Basically everybody believes she has been poached. The guides knew where she was everyday, until August 11, 1998, after which no one had seen her nor found her despite trying and trying and trying. One forest guard found some blood and tiger meat. He reported this to the authorities. He was ordered to clean up the mess, and to shut up.
They even told me the name of a poacher and know where to find him, but said that it would do no good to report him, nor the person who bought her skin, because her real killer was higher up.
There seems to be agreement about how Sita died – caught in a leg-hold trap and beaten to death with sticks. One said that people around Jungle Camp heard a tiger screaming on August 10. Sita’s skin was moved from Tala (a village on the verge of Bandhavgarh) to Umaria around March 1.
Park officials do not seem to want the death of Sita to be known. Why? Because the park receives special funding in the name of Sita from some NGOs, including the World Bank. But evidence for Sita’s poaching is available, one told me, if we go after the Forest Conservator, the Assistant Forest Conservator and the Ranger of Tala, which means to the top.
“Mother is missing in the eyes of her cubs, born Sept. 96, about 2 years old when Sita died, about 2.5 years old now,” said one. “They sometimes scream and are sometimes found still together which is biologically unusual. We think it’s due to the lack of the ‘last training chapter’.” I wonder if these are the same as the cubs at the dry river bed we saw yesterday.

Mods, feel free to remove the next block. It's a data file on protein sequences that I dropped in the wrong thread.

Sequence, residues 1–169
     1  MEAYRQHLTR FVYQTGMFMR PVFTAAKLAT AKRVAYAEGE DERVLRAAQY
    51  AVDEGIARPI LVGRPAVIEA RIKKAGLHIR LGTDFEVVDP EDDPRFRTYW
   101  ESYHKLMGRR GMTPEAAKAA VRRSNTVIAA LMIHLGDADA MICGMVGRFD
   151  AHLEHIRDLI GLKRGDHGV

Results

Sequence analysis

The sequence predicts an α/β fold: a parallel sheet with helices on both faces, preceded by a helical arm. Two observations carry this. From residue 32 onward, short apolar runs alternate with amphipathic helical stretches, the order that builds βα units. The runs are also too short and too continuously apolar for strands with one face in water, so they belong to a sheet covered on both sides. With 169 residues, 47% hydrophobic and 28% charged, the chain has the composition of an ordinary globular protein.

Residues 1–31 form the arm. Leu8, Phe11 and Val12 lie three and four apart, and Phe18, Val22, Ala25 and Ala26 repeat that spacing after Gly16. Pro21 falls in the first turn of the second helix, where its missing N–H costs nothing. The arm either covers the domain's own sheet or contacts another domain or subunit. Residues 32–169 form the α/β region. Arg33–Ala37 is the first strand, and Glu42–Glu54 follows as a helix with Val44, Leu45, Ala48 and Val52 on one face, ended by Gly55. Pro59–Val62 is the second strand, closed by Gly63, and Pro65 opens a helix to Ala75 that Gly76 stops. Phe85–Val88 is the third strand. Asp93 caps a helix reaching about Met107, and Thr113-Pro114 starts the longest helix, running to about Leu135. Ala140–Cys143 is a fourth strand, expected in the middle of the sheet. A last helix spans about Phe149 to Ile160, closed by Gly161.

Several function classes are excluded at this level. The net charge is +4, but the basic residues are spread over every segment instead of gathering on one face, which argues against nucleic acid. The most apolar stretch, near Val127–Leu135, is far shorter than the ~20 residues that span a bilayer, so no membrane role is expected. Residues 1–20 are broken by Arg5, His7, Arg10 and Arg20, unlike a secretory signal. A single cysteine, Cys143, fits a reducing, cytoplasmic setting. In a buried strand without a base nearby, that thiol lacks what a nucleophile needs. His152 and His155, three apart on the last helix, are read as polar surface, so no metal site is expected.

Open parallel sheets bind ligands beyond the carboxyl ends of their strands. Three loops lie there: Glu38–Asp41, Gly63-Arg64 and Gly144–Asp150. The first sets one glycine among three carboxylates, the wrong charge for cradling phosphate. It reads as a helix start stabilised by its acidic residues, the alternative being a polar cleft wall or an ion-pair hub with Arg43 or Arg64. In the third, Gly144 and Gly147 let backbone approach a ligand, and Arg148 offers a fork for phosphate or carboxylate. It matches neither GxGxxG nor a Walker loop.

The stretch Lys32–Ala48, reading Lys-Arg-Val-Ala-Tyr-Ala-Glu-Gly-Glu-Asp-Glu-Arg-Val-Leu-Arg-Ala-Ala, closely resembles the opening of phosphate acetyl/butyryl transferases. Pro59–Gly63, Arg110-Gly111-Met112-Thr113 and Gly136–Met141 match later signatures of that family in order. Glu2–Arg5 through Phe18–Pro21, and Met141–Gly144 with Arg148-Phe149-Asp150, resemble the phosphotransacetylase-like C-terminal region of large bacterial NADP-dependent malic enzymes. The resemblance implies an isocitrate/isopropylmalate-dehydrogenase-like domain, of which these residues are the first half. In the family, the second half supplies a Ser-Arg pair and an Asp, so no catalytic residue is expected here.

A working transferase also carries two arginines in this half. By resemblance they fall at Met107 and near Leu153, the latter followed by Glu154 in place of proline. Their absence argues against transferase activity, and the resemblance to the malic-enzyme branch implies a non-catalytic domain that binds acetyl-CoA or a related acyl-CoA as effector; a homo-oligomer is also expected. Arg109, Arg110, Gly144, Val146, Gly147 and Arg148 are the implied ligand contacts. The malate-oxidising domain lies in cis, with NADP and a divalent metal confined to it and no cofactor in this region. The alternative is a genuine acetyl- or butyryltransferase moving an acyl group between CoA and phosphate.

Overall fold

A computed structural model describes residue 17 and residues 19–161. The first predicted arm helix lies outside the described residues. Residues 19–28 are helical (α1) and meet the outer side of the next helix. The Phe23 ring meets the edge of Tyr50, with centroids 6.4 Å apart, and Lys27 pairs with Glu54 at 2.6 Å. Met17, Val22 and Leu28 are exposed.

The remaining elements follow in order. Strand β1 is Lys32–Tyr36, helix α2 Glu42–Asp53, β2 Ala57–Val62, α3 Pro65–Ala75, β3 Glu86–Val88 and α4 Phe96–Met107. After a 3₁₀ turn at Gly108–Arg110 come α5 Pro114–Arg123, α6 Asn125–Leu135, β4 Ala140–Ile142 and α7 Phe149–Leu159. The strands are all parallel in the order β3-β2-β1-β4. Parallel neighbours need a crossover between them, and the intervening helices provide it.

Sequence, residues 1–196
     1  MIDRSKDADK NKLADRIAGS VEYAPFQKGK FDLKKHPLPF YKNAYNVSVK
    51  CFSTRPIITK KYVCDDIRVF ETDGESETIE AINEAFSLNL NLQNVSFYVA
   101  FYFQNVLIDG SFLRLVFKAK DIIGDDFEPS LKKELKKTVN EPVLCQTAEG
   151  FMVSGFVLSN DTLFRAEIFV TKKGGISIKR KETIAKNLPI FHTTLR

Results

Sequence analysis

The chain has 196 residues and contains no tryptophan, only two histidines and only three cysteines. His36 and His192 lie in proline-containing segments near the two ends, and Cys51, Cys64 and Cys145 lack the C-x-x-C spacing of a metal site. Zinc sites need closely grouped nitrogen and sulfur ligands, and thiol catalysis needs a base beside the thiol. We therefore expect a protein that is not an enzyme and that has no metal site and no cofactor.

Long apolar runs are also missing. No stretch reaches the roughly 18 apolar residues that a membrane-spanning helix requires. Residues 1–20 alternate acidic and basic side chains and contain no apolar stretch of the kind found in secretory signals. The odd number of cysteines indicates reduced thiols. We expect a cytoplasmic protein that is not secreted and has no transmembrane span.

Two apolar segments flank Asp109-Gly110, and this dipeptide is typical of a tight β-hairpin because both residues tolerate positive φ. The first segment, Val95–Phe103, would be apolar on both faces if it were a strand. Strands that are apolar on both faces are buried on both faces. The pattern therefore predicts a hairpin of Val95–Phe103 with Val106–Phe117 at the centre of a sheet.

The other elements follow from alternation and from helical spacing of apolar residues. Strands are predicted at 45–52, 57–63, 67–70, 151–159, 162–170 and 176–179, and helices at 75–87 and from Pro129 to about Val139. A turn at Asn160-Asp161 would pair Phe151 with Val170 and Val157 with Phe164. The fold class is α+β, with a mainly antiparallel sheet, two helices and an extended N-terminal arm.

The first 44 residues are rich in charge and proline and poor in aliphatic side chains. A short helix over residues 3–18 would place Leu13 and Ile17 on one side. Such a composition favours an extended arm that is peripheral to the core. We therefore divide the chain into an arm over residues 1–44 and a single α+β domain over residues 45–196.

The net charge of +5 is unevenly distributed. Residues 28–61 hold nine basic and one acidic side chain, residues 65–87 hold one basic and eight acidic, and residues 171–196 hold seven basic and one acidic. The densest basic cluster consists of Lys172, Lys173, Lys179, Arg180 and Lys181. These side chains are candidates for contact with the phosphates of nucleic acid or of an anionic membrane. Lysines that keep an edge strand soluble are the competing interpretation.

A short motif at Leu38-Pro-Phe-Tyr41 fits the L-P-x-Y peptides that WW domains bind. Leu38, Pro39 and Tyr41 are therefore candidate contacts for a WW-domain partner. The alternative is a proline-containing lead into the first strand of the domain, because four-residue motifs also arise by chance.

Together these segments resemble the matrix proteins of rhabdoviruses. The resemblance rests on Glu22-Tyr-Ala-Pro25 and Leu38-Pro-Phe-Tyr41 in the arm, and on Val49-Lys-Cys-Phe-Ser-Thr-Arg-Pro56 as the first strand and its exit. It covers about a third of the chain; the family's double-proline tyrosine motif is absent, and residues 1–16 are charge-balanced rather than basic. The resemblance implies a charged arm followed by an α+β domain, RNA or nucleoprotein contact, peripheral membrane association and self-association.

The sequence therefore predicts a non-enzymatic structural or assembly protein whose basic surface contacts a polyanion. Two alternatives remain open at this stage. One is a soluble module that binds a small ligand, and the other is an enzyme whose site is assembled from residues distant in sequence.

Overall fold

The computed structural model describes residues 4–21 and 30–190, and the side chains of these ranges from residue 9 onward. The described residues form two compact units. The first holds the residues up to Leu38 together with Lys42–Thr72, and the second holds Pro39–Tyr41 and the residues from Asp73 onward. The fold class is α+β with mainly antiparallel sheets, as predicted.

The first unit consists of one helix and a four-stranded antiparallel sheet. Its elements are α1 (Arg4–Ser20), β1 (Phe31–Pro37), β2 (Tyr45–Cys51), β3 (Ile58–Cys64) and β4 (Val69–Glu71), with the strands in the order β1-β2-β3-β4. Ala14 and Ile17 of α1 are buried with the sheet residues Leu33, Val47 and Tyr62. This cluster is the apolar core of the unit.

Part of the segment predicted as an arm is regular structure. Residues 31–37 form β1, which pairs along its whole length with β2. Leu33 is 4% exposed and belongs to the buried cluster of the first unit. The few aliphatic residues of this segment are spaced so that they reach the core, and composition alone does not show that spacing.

Another said that they are also slightly less competent in hunting than other tigers their age, attributing this to their lack of this last training phase.
Sita was one of the four or five ‘wives’ of Charger, another being Mohini. Because of his old age, he’s not as efficient a hunter as before. For some months, he’s been scavenging the kills of Mohini instead of Sita. Previously, Charger had never been seen eating the kills of Mohini’s, always Sita’s only. This indicates Sita’s absence.
Sita and Charger used to mate once every 2.5 years or so. This should be the year, around early March, but Sita has not appeared.

2. Other tiger disappearances
Some say at least six tigers have gone missing in 1998-1999. The bones of two tigers were seized from Dobha village. One very big male has not been seen since April 1998 from the Raj Bahera village area of the park. A five-year-old tiger was poisoned to death March 3, 1999 – just three weeks ago during the Holi festival - from Kalwah Range of the park. Bara Bacha, a son of Sita, the one described as “a very heavy tiger” in Champions, has disappeared since June 1998. No one knows what has happened to him, but everyone wonders why, if he’s still alive, he would leave the area.

3. Lack of anti-poaching measure
The general consensus is that at today’s rate of poaching, Bandhavgarh tigers will be extinct before 2010 - the next Chinese Year of the Tiger.
Park officials tell the guides and other personnel that if they leaked information regarding poaching, they would be sacked.
Shots have been heard from inside the park, mostly during the monsoon season when the park is closed, sometimes in other parts of the year, usually after dusk. One guide phoned the forest department about this and was told to mind his own business.